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I need to write a code to check the validity of the digital certificate present in an etoken. I am not familiar with etokens. Can anyone please answer my following questions,

  1. How to access the digital certificate content from etoken?
  2. Can we access the private key stored in etoken?
  3. When we plug the etoken to an computer then does it copy the digital certificate on the computer or not? If yes then where does it copy it?

I need to write C++ program for the same. Can we use Cryptographic API's (like CrypImportKey() CryptExportKey() ) provided by Microsoft for the above requirement?

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check their SDK folder for some sample programs using both pkcs#11 as well as capi –  Raj Sep 15 '11 at 1:10

2 Answers 2

up vote 2 down vote accepted

"etoken" was the name of one of first USB cryptotokens produced by Aladdin. What you are asking for is usually referred to as security token. This is a hardware device with it's own memory, in which certificates and private keys are stored.

Tokens need drivers to be installed in order to work properly. The driver set includes implementation of CSP (Cryptographic Service Provider) for CryptoAPI. CSP does the job of presenting certificates, stored in the token, to CryptoAPI. To answer your questions:

  1. Via CryptoAPI or PKCS#11 interface (drivers for both are supplied by the vendor).
  2. You can perform certain operations with the private key by calling the appropriate API. But the key itself is not extractable.
  3. I can't say for sure but for me it looks like certificates are copied to in-memory certificate store for speed of operations.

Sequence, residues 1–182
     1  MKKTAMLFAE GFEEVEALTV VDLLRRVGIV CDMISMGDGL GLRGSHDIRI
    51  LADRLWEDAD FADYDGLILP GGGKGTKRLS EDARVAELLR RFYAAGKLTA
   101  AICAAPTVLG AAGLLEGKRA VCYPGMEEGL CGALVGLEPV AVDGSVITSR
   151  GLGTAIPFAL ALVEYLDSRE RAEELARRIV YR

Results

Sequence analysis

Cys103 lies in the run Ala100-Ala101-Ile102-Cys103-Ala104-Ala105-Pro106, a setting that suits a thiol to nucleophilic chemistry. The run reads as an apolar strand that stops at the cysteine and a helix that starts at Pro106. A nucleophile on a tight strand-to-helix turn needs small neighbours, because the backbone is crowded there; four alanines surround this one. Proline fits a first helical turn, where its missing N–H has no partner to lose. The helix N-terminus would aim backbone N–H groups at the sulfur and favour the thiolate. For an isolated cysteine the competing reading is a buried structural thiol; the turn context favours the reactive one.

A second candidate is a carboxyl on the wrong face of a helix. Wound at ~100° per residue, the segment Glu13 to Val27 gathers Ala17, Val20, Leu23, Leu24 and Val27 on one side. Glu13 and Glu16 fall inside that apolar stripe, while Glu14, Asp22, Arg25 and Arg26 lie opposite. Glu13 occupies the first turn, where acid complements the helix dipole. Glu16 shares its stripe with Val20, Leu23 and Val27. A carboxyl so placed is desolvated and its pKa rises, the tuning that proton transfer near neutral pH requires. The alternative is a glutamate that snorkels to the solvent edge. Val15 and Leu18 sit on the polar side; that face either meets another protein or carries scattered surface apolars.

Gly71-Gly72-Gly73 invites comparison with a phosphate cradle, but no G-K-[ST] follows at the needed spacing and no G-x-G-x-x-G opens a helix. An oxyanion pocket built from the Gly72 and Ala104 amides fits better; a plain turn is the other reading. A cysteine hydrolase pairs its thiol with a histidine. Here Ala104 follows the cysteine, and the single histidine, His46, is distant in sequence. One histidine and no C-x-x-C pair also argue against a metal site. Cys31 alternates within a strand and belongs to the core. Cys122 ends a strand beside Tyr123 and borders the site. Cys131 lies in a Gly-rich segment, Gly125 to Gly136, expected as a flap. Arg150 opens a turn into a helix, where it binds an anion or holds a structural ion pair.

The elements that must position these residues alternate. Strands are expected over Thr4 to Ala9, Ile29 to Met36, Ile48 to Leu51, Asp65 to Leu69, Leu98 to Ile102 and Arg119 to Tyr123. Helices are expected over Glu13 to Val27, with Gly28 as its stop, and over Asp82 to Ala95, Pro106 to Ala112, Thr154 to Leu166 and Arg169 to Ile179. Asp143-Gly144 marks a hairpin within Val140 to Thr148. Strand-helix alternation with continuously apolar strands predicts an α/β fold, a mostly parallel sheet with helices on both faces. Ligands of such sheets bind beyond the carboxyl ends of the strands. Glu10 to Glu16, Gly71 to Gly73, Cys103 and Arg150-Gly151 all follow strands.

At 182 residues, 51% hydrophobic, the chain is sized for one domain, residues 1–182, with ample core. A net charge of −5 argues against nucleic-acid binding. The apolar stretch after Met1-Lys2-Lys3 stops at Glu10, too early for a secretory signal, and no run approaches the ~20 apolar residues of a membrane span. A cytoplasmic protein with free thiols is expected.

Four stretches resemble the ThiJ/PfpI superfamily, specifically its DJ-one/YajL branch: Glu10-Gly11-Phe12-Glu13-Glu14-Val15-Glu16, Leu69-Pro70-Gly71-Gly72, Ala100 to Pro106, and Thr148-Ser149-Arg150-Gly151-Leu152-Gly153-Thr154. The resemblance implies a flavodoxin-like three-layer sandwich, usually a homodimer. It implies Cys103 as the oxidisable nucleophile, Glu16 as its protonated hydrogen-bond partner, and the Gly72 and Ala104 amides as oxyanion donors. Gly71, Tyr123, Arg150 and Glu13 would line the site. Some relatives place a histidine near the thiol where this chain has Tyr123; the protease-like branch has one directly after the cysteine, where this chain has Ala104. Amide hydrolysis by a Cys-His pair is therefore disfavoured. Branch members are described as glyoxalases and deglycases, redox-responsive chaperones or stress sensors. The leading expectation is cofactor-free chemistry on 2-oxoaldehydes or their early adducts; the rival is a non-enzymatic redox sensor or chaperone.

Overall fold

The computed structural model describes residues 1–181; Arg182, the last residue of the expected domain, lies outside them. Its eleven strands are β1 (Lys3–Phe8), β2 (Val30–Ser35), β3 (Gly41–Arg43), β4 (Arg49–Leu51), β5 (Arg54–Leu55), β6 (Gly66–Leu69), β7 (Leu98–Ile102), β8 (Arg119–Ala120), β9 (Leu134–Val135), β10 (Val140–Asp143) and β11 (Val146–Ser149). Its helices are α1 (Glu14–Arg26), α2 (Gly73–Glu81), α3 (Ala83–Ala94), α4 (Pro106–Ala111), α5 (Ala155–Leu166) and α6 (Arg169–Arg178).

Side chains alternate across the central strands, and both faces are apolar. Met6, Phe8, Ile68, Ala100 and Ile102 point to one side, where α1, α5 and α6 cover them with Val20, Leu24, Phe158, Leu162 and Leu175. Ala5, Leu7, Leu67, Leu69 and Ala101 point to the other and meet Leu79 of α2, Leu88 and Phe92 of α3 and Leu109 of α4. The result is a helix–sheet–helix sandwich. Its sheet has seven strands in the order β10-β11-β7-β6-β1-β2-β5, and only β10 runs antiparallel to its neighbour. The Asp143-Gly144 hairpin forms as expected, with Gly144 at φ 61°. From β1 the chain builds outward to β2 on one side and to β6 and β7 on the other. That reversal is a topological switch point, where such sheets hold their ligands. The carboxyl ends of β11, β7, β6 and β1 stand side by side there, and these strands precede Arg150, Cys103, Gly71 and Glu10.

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Thanks a lot Eugene. –  V K Sep 13 '11 at 6:47
    
@Vinay: If this answer solved your question, consider to accept it (using the ✔ button.) –  Paŭlo Ebermann Sep 13 '11 at 15:27
    
@Paulo: Above answer solved my question but now i want more specific answer as to which CryptoAPI i have to use to export the private key from the etoken? –  V K Sep 14 '11 at 5:24
    
@Vinay you are welcome to post it as a separate question yet the question itself is not clear (and this is why I didn't answer it in the first place). Check msdn.microsoft.com/en-us/library/aa387313%28v=VS.85%29.aspx, maybe it answers your question. –  Eugene Mayevski 'EldoS Corp Sep 14 '11 at 6:01
    
@Eugene: Thanks for your reply. I am sorry that my question was not clear. I would post a new question which would be more specific. –  V K Sep 14 '11 at 6:28

In relation to your second question, I believe it is possible to access the private key on the security token. The security token had to be pre-programmed and loaded with a private key somehow. Also, the last time we renewed our certificate, we did it online, using the issuer's web interface which installed an ActiveX module that uploaded the new certificate to the device. I don't know if this procedure also uploaded a new key but possibly not, since I don't believe you need to change your private key to create a new public certificate for yourself (which needs to be signed by the issuer to be trusted I believe).

Sorry I might not make much sense as I am new to the whole idea of Public Key Infrastructure.

If someone else could validate/invalidate my claims, please share your knowledge.

EDIT: I found this hardware hack for Alladin devices: http://seclists.org/bugtraq/2000/May/48 Basically, it is possible to read the date on the eToken but it requires a direct hardware interface to the device's on-board memory.

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